Can cities sense, think, self-express and self-regulate? "Sonic Identities" project simply questions the amount of sonic data that can be gathered from a single coordinate on Earth. Individual identities of each single coordinate performs like a fingerprint, a retina. 
The ability of human mind to handle larger urban complexities is improving each day, thanks to the human’s role-shifting from the processor to the conductor. At this point, we should widen the topic of “complexity” to estimate the possibilities of inventing new interfaces between cities and users.  Batty defines “complex systems” in an extremely basic way as systems consist of other complex systems. Then he exemplifies it with two topics; economies and cities, where both are highly complex, yet both connected with other upper complex systems. (Batty, 2007) If we interpret the same approach to urban scale, the results would be a correspondent. “Artifacts that we build to give physical representation to cities can also be so partitioned into their component parts,” says Batty, when defining the city as a complex system. (Batty, 2007)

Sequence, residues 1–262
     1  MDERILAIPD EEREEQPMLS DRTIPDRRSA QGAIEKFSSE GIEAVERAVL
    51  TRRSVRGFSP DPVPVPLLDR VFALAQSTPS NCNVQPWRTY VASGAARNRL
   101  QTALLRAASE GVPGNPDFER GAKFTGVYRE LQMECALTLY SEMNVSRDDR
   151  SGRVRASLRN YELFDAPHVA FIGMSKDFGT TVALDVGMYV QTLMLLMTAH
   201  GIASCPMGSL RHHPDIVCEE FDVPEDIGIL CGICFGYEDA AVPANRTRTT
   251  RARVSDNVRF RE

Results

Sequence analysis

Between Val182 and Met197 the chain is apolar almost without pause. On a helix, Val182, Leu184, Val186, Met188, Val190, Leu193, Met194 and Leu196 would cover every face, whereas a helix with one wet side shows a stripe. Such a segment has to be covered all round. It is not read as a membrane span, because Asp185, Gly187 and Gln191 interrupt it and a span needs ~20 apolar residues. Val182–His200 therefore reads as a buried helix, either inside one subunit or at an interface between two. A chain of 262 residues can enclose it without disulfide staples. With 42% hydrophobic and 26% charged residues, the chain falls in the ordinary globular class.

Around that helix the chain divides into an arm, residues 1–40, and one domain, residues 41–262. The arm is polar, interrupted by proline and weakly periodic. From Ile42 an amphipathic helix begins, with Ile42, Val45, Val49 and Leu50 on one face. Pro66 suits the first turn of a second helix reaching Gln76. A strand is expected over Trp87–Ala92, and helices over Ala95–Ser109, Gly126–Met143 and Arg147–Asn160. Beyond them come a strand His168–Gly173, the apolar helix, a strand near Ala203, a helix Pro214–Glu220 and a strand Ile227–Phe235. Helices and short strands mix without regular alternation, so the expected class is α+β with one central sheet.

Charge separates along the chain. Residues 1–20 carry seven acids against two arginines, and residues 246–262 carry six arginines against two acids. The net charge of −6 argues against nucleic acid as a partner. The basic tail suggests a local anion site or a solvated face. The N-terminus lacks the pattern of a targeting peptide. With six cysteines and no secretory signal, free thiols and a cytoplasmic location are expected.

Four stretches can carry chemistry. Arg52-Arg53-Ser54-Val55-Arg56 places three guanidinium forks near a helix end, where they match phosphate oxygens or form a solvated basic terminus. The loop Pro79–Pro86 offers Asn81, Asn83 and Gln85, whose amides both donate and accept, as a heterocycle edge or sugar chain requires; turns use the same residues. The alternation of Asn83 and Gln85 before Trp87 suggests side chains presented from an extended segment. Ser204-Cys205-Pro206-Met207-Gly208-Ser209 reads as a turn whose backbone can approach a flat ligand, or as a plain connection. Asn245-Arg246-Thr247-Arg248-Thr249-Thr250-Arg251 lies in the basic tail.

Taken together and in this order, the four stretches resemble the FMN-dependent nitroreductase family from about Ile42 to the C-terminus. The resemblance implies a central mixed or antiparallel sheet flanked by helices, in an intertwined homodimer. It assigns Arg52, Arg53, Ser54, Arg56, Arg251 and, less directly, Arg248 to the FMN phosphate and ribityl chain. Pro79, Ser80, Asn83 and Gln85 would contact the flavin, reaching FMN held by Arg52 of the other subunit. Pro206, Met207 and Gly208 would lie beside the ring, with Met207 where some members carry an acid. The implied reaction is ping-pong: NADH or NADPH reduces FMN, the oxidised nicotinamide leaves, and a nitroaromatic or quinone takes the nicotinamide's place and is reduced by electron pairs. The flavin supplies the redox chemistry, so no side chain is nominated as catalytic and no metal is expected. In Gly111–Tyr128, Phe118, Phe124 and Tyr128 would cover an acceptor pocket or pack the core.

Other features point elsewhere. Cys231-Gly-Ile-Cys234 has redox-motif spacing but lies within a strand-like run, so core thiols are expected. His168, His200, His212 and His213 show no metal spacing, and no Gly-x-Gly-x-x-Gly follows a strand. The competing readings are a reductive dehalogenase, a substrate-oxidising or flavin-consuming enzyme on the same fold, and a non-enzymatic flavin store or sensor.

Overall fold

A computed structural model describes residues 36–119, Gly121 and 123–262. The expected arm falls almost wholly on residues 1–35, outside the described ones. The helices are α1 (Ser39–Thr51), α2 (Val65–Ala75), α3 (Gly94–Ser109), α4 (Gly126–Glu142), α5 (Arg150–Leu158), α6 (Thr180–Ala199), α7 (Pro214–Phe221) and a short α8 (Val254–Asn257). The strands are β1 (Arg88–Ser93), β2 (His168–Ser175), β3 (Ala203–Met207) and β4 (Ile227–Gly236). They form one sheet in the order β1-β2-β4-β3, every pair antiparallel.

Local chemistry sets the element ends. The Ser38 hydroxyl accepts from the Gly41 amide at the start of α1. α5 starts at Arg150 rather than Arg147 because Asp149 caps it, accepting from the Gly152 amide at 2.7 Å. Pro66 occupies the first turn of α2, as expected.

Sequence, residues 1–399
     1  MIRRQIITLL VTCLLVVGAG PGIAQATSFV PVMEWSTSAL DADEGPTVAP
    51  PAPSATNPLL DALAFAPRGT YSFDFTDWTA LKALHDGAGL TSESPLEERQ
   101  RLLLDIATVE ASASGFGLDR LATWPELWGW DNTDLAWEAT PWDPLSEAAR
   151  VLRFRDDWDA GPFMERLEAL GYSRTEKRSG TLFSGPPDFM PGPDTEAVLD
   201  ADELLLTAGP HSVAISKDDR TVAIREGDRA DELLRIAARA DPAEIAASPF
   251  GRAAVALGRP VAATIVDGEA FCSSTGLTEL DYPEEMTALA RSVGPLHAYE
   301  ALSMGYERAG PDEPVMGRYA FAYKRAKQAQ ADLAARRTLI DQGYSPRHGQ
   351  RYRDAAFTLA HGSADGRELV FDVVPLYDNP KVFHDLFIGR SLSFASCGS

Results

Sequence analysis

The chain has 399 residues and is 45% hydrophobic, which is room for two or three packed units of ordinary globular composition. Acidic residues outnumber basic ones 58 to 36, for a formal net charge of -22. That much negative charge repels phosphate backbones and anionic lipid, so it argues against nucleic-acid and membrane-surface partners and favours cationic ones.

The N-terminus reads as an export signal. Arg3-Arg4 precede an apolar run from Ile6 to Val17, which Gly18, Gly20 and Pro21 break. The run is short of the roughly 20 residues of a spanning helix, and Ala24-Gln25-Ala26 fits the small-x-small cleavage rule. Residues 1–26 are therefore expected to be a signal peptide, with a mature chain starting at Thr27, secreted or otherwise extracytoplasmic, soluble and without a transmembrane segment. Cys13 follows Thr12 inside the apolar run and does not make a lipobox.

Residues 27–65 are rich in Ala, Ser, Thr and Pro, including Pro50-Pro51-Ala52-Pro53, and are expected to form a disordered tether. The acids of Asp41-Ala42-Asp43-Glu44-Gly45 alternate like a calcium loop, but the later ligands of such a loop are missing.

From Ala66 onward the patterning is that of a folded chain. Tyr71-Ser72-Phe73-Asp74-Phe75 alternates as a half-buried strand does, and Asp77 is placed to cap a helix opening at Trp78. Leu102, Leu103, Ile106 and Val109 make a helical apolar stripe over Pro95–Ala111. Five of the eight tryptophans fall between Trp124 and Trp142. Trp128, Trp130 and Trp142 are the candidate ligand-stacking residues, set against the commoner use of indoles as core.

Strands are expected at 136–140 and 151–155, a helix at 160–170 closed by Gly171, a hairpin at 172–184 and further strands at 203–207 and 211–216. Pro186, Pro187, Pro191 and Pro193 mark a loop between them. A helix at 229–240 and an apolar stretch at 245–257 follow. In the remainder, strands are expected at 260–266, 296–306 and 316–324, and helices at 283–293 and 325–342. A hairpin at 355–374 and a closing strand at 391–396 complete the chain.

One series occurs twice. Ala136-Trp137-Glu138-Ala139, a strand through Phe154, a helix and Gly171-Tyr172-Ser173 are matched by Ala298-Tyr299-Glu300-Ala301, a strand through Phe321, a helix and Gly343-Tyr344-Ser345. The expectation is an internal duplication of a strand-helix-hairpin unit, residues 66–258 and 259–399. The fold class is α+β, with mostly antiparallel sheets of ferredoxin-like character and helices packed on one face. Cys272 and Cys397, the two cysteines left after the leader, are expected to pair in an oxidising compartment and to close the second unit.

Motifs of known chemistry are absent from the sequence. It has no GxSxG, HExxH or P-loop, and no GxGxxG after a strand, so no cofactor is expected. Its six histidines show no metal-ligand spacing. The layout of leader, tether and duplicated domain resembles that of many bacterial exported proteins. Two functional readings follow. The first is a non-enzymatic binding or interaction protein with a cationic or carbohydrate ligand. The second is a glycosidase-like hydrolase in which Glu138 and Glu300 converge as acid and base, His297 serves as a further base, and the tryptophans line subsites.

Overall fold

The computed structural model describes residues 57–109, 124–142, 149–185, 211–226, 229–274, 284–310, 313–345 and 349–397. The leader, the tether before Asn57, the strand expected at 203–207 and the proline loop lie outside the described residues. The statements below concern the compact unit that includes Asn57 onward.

Presently, thanks to the simultaneity supplied by the shifting of the human’s role in data processing, new expression methods could be generated to reveal more of the information driven by the big data. (Chandler 2015) In other words, the interface between raw data and observer has the chance to evolve into things which have more depth and sophistication inside.
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